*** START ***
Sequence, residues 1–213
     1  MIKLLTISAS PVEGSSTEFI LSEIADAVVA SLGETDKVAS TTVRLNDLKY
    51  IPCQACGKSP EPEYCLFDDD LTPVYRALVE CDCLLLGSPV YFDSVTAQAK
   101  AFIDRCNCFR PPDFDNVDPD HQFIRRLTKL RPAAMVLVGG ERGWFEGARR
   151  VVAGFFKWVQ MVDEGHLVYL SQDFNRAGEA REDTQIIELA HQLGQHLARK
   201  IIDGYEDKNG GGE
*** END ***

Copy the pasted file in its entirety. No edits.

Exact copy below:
Sequence, residues 1–213
     1  MIKLLTISAS PVEGSSTEFI LSEIADAVVA SLGETDKVAS TTVRLNDLKY
    51  IPCQACGKSP EPEYCLFDDD LTPVYRALVE CDCLLLGSPV YFDSVTAQAK
   101  AFIDRCNCFR PPDFDNVDPD HQFIRRLTKL RPAAMVLVGG ERGWFEGARR
   151  VVAGFFKWVQ MVDEGHLVYL SQDFNRAGEA REDTQIIELA HQLGQHLARK
   201  IIDGYEDKNG GGE